New Bill Raises Fears of Big Tech–Media Collusion Against Independent Outlets

By Joseph Lord
September 7, 2022 Updated: September 7, 2022

A Senate bill is raising fears among some for its potential to enable Big Tech and mainstream media outlets to collude against smaller and independent media outlets.

The bill, dubbed the Journalism Competition and Protection Act (JCPA), would supersede some existing antitrust laws and allow media companies to band together to negotiate with Big Tech platforms like Facebook, Google, and Twitter.

Specifically, the JCPA says: “A news content creator may not be held liable under the antitrust laws for engaging in negotiations with any other news content creator during the 4-year period beginning on the date of enactment of this Act to collectively withhold content from, or negotiate with, an online content distributor regarding the terms on which the news content of the news content creator may be distributed by the online content distributor.”

In brief, this means that online and print media outlets, including some of the largest and longest-established names in the industry, could band together in a kind of media union to demand concessions from tech companies in order for the coalition to continue to allow their content on the platform. Under existing antitrust laws, such cartels—which describe a collusion of firms in an industry to join together for a common financial or industry outcome—are decidedly illegal.

Proponents of the JCPA have presented it as a much-needed panacea to address dwindling numbers of dedicated local media companies who, proponents say, are often left behind in the umbrella of Big Tech algorithms and advertising capacity.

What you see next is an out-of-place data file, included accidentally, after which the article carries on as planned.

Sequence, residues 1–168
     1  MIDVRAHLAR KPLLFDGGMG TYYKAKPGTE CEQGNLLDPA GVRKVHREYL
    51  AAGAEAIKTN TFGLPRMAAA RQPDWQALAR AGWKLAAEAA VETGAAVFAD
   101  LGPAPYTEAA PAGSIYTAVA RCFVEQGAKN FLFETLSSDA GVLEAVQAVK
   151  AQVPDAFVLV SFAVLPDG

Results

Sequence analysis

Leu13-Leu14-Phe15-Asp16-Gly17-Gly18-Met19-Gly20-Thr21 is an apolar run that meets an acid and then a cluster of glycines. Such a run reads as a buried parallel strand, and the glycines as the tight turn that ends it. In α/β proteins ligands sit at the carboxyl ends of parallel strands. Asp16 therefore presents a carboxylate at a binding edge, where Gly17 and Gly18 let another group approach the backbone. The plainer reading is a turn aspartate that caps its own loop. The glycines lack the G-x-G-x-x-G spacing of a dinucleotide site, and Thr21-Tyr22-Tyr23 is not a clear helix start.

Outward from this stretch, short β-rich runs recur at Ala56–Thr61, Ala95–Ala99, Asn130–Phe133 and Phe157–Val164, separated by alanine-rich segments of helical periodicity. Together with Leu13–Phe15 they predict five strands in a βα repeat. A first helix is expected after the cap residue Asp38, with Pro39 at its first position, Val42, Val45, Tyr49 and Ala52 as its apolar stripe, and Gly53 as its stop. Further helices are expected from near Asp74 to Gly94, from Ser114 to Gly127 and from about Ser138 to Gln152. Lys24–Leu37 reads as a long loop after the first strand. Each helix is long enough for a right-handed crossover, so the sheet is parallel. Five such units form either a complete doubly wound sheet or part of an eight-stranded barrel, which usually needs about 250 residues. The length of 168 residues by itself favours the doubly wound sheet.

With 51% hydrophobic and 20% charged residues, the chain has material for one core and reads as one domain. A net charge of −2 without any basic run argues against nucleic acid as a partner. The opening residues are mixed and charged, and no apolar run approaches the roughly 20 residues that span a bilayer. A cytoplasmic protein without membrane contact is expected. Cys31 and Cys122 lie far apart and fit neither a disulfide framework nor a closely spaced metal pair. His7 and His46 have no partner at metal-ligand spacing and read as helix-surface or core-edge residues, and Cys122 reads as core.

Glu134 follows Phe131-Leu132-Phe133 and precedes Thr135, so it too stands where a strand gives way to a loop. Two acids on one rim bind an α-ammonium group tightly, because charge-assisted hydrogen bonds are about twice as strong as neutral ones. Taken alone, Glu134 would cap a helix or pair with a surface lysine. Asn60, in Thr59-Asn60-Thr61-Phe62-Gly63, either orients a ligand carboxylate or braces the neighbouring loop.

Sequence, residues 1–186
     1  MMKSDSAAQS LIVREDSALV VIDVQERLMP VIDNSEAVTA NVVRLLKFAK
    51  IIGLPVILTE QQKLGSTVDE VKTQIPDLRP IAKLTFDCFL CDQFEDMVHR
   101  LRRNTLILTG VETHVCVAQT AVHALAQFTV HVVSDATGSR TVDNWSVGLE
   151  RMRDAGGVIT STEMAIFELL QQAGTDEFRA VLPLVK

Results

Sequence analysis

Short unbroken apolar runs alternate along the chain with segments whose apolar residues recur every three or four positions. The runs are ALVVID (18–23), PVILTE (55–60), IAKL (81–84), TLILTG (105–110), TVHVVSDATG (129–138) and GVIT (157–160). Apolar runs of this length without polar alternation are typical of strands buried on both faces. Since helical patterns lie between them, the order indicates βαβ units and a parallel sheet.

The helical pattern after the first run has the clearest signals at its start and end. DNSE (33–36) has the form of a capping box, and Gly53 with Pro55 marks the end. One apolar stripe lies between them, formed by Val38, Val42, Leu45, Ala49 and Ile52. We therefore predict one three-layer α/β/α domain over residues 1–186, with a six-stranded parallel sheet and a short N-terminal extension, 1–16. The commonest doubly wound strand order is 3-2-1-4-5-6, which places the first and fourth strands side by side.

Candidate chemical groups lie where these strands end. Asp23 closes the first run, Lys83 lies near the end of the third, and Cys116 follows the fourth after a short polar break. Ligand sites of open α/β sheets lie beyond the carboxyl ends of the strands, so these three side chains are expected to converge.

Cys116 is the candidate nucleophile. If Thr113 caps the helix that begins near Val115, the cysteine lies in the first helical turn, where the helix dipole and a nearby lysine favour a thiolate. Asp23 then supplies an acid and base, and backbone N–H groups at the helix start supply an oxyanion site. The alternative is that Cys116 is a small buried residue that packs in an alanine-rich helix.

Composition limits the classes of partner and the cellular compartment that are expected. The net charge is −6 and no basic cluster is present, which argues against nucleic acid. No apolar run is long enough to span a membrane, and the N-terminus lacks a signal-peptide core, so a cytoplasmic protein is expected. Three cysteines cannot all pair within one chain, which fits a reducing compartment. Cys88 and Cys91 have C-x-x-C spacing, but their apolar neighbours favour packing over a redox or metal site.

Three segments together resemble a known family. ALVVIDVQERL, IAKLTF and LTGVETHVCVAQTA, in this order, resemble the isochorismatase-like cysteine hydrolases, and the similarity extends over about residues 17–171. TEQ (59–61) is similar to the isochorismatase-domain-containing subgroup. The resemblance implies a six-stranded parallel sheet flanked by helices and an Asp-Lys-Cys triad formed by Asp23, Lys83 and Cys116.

In a petition that has garnered over 23,000 signatures, the News Media Alliance, one of the most outspoken supporters of the bill, explained this position, presenting it as a hardline position against the reach of big tech power and influence.

“Today, many local newspapers are struggling to stay in business. Big Tech platforms, such as Facebook and Google, control how we access trustworthy news online and how journalism is displayed, prioritized, and monetized. They capture the vast majority of all digital advertising dollars because of their outsized ability to collect consumer data.

“Local newspaper revenues have gone down and as a result, thousands of journalists have been laid off, ‘news deserts’ are emerging across the country, and dangerous misinformation that threatens the fabric of our democracy continues to flourish.”

‘Misinformation’ and ‘Extremism’

But opponents of the bill have raised alarm bells, warning that in practice the policy will only serve to benefit established legacy and mainstream outlets, to the exclusion of anti-establishment, independent publications.

Specifically, opponents point to a section of an updated draft of the JCPA that could effectively permit legacy media cartels to demand that tech platforms censor or outright refuse to permit newer, less-established media outlets from publishing on the platform.